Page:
Russia hits back at sanctions with ban 
on imports

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Russia has banned most food imports from the West in retaliation for sanctions over Ukraine.

The sweeping move will cost Western farmers billions but could also lead to empty shelves in Russian cities.

The decision shows that President Vladimir Putin has no intention of bowing to Western pressure over Ukraine and will instead try to strike back at the West.

It also demonstrates that the Kremlin is ready to inflict damage on Russia while pursuing its course in Ukraine.

The US and EU have accused Russia, which annexed Ukraine’s Crimean Peninsula in March, of fermenting tensions in eastern Ukraine by supplying arms and expertise to a pro-Moscow insurgency.

They have imposed asset freezes and loan bans on a score of individuals and companies.

Prime Minister Dmitry Medvedev said at a televised Cabinet meeting that Russia’s retaliatory ban covers all imports of meat, fish, milk and milk products, fruit and vegetables from the United States, the European Union, Australia, Canada and Norway. It will last for one year.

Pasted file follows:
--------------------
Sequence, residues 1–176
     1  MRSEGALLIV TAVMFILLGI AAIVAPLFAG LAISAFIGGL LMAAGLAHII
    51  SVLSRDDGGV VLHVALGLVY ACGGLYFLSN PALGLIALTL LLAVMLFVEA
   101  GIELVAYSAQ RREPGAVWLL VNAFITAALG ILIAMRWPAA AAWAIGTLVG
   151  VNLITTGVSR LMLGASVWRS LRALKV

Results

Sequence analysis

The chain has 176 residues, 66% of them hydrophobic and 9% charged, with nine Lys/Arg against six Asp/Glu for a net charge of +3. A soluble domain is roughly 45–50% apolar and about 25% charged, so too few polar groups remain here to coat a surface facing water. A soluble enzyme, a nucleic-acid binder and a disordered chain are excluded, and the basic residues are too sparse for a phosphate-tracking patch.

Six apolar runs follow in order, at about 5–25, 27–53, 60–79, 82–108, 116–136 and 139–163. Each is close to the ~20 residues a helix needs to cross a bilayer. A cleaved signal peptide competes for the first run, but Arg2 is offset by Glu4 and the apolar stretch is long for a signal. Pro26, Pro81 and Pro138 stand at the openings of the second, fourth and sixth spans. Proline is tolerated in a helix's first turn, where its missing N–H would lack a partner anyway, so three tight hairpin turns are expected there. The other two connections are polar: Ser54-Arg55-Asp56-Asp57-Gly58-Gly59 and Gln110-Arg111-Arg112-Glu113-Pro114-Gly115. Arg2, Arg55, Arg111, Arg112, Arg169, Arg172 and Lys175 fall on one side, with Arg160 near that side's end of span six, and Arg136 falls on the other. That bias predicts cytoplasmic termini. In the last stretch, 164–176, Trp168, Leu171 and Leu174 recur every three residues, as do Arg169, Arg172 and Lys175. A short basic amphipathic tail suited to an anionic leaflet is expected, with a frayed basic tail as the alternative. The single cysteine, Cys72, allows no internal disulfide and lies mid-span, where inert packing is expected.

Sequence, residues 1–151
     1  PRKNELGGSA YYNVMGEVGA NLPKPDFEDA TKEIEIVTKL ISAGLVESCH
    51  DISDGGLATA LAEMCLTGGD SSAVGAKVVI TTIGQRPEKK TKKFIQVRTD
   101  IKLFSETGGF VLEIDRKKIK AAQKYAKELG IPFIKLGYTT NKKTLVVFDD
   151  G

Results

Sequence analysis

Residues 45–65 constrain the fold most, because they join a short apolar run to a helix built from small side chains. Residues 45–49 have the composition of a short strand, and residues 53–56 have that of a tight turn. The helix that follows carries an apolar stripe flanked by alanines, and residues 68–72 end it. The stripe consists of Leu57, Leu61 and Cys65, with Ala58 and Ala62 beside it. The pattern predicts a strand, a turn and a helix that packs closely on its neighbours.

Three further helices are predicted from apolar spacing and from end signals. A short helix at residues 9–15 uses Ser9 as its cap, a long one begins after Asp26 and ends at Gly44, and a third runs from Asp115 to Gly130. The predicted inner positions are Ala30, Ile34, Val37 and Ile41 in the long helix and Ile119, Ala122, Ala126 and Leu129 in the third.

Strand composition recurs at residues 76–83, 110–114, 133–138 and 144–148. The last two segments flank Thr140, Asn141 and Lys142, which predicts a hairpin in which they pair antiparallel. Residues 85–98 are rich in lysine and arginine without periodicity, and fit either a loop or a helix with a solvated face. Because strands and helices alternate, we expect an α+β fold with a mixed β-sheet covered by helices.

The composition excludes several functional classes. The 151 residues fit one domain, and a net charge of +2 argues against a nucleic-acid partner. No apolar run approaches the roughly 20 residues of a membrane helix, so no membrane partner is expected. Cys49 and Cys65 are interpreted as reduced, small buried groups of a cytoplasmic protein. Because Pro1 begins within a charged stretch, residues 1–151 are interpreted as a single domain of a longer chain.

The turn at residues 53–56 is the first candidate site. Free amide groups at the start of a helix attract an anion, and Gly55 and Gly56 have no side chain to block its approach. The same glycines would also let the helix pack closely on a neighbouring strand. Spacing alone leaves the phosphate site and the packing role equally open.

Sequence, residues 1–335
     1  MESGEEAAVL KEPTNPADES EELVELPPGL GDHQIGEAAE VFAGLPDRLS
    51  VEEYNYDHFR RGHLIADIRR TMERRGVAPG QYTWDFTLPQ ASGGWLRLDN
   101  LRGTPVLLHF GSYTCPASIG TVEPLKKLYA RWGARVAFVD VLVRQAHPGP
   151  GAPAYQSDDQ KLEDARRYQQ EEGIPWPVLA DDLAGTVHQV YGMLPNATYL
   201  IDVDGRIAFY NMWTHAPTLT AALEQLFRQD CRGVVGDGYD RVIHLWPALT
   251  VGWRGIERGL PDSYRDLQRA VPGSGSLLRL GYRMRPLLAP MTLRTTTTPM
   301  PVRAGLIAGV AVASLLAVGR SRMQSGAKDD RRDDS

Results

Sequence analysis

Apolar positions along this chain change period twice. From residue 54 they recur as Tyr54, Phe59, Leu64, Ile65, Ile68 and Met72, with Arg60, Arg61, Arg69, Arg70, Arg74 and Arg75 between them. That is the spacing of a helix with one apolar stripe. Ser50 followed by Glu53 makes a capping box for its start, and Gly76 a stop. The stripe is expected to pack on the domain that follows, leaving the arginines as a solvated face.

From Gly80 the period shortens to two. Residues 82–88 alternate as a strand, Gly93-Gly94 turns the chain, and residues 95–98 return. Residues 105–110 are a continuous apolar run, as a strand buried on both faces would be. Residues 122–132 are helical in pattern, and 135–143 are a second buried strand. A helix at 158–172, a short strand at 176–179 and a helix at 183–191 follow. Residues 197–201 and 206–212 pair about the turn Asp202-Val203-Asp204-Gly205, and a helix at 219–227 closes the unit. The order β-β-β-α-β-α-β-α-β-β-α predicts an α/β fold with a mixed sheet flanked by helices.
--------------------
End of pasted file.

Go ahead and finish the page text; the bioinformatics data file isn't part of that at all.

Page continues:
Mr Medvedev said Russia could go further and ban Western carriers from flying over Russia on flights to and from Asia – a move that would significantly swell costs and increase flight time.

He said there had been no decision on that yet and would not specify when and under what conditions the move could be taken.

Mr Medvedev made it clear that Russia hoped that the sanctions would make the West revise its policy.

“Until the last moment, we hoped that our partners would understand that sanctions only lead to a deadlock, and no one needs them, but they didn’t,” he said.

“We hope our partners will put a pragmatic economic approach above bad policy considerations and they will start thinking, instead of trying to scare us.”